But Donald does this. Donald is a bully. He talks to people who like to see pigs fight in the mud, and they like that. It's like the savage battles of the Coliseum. "Donald, kill him, kill him." He likes that, this kind of raw anger. He knows his audience. His audience, his constituents, are angry, because of the economy, because of whatever there is. So he knows that this is a great outlet for them. He used to do that on “The Apprentice,” to get people down, push people down. So he knows that this is like fodder for them. This is entertainment. There's entertainment.

People say, "With Donald Trump, the cruelty is the point." But that should be a comma. Because it's not cruelty to the point, in the sense of, "Only be cruel." It's because the base loves it. His base loves when he's mean, when he's cruel, when he attacks people. 

A lot of people actually vote for him, not because they like him, but because they hate the liberals. A lot of people actually, they don't care about even voting for anybody, but they hate the other side because the other side gives them a lot of reasons to hate. We have to admit. They do.

Well, I'm on that side. I am glad to give them a lot of reasons to hate. That's my goal. Look, you're Bassem Youssef. You think they love you? You're a Brown guy selling out theaters, 3,000 seats, and in their mind, you've stolen their job.

They always say, "Oh, we're good with immigrants, but it has to be legal." But they don't understand that many of the people who come from our part of the world are actually mostly legal. They have a problem with people coming from Latin America, and it's not about even the immigrants, it's about what do they think about their mind and their image?

You cannot blame them because their media tells them that this is a danger to America, and you need a common enemy. You always need a common enemy. How do you do that? You have to find that enemy, and the enemy will have to be an outsider. Whether you are a Jew in Germany, whether you're a Palestinian in Israel, whether you are a Hispanic in the United States, a brown person in Europe, you have to have an enemy because how can you unite all of these people and get a common enemy because there's no solution? There's always something to be worried about.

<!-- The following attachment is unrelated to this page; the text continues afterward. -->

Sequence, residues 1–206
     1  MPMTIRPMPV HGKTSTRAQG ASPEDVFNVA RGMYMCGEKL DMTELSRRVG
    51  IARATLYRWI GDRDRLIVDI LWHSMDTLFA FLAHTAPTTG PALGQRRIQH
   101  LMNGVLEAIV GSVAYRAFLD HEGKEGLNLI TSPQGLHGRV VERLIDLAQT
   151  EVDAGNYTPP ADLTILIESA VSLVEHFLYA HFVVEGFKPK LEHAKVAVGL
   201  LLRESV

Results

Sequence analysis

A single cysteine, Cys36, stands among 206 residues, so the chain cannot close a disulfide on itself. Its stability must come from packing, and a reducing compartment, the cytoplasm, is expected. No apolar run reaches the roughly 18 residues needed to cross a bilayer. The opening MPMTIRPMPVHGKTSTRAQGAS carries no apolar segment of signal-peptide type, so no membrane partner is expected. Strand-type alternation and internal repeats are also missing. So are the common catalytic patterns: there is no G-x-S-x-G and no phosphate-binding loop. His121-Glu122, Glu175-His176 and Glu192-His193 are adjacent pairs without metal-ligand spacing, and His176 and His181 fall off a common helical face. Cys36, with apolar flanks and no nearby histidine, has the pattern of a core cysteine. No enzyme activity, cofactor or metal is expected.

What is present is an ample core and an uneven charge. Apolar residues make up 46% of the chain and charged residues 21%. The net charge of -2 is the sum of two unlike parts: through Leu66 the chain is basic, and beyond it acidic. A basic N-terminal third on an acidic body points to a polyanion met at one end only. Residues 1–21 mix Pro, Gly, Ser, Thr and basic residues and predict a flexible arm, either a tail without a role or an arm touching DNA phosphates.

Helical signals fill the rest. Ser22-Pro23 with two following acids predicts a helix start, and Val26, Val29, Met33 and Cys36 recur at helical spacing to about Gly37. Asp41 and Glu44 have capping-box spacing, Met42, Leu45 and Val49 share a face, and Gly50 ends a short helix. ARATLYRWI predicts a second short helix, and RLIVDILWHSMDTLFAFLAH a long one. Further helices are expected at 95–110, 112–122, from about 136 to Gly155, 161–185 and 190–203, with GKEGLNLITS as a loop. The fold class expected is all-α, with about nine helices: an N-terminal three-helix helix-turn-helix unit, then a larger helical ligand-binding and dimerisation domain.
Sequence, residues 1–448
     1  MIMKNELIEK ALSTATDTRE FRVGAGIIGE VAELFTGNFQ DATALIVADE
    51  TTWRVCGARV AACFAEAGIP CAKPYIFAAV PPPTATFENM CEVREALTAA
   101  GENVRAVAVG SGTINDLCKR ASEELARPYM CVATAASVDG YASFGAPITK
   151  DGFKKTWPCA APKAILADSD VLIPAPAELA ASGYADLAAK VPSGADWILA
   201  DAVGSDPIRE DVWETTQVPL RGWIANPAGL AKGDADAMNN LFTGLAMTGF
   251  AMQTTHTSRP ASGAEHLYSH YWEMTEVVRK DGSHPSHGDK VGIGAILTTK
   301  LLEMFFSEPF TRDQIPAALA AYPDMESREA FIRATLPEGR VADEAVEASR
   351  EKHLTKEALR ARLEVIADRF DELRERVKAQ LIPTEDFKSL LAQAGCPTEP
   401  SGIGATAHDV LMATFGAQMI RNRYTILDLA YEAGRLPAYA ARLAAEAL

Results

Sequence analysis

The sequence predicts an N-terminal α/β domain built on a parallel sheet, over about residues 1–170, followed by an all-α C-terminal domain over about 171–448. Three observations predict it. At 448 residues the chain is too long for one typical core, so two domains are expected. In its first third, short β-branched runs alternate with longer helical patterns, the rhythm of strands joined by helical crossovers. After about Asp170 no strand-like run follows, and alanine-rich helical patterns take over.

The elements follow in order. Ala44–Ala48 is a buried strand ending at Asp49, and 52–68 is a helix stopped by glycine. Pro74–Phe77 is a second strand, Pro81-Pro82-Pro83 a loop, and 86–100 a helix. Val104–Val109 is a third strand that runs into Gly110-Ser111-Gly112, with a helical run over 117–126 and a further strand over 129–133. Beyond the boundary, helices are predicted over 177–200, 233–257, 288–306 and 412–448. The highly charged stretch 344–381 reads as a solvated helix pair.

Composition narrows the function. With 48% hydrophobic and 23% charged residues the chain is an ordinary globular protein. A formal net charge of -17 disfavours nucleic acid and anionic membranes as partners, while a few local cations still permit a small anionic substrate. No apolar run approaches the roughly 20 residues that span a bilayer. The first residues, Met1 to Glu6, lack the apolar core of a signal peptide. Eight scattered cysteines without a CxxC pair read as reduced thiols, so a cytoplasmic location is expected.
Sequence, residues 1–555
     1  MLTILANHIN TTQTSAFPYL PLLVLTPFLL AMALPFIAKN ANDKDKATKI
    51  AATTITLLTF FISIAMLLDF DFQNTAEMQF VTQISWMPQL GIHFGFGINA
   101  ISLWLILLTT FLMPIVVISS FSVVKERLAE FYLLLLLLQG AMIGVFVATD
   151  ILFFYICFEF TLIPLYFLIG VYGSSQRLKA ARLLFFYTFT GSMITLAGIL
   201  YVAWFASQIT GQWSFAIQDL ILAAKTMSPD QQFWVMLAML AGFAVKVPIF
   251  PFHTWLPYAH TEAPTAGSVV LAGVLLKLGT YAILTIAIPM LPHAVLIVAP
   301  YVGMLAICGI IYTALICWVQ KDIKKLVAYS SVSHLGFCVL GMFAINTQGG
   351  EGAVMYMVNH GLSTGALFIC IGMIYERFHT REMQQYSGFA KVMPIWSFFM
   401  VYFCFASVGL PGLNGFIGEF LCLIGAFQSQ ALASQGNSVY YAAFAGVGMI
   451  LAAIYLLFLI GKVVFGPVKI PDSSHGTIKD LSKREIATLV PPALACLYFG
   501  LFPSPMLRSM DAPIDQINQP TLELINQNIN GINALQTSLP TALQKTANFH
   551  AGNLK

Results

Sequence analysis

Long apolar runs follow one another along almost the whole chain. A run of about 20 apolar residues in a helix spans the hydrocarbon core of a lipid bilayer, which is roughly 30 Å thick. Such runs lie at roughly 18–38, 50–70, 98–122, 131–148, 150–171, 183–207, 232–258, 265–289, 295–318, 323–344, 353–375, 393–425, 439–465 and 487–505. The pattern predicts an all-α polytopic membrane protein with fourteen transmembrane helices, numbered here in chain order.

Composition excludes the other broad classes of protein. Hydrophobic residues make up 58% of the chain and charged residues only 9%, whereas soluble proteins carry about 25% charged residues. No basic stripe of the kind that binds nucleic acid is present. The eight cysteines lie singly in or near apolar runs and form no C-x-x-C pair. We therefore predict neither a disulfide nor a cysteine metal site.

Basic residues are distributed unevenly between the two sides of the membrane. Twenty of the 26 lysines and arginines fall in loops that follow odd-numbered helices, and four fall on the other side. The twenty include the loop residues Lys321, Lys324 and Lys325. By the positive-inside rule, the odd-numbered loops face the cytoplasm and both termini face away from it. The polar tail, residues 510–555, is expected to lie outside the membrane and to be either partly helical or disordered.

What you just went through is really the academic definition of what a fascist movement is, where it's never about solving problems. It's about ginning up anger, and then picking a minority to make the target for all of your problems. 

You lived in Egypt and you had to flee because of your comedy, making fun of certain people in power at the time. From living under that, and seeing where Trump is going, what are your concerns? What can you share with fellow Americans about what life could be under a true authoritarian?

I have to say that I don't care.

You don't care what it's going to be like? Tell me why. 

Because I was one of those people who would vote blue, no matter who. I voted for Bernie Sanders, I voted for Joe Biden, and Joe Biden came with all of the liberal promises of equality, of rights for minorities, and then we see him supporting a genocide. So why would I vote for him?

Honestly, the whole thing about blackmailing us with Trump, so we have to vote for Biden, it doesn't work. If this has to be, America, so, enjoy, guys, because Joe Biden delivered the worst genocide in history, and I don't really care about voting in the United States elections anymore.

I hear what you're saying. I don't think it's the worst genocide in history, but it is horrific.

Well, it is the worst genocide as we are seeing it. I mean, it's not a competition. All right, there are worse genocides, but at least it's the only genocide that has been filmed, live, and we're seeing it in real time. Maybe other genocides, we knew about it after they were done, but now, we are living it, day by day, and we're seeing it, and nobody is doing anything about it. So honestly, I don't care about Joe Biden, and I call him “Joe Geriatric Genocide Biden.” That is him, because he doesn't even have the honor to be Genocide Joe, because he's a geriatric, he's senile, he's old, and he doesn't know even what he's doing. He's the worst mockery of a genocide enabler in history.

I mean, even other genocide people like Mussolini, whatever, they had charisma, but that guy has nothing. He says, "Who? Blah, blah. President of Mexico. Blah, blah."

So you're a campaign operative for the Biden campaign, clearly.

I don't care, but you know what's funny? I came here to America, took the American citizenship, I'm voting, I'm so happy that I'm voting now, and it took America four years to make me check out of elections, so good job, America.

But is it one person’s [fault]? It's Joe Biden's policy in the Middle East?

I don't want Trump to win, but I want Joe Biden to lose.

And that's the screwed-up system we have, right? When I say it's not the worst genocide in the world — I'm Palestinian heritage. It is the worst thing I've ever seen in my entire life. — But I just want to put it in context, because I don't think we have to, in any way, be hyperbolic about how bad it is. This is the worst thing I've ever seen in my entire life play out. The cruelty, the collective punishment, the killing of children and of women by the Israeli military, in response to a terrorist attack.